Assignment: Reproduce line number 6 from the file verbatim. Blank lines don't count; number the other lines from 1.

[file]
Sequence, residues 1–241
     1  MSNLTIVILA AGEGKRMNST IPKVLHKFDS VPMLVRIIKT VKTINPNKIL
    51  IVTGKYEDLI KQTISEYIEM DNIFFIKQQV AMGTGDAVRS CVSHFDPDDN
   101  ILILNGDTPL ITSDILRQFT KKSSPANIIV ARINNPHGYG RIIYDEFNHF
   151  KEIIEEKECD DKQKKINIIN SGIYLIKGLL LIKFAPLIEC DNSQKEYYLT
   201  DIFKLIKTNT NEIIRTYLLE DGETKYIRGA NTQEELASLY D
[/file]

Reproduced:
   201  DIFKLIKTNT NEIIRTYLLE DGETKYIRGA NTQEELASLY D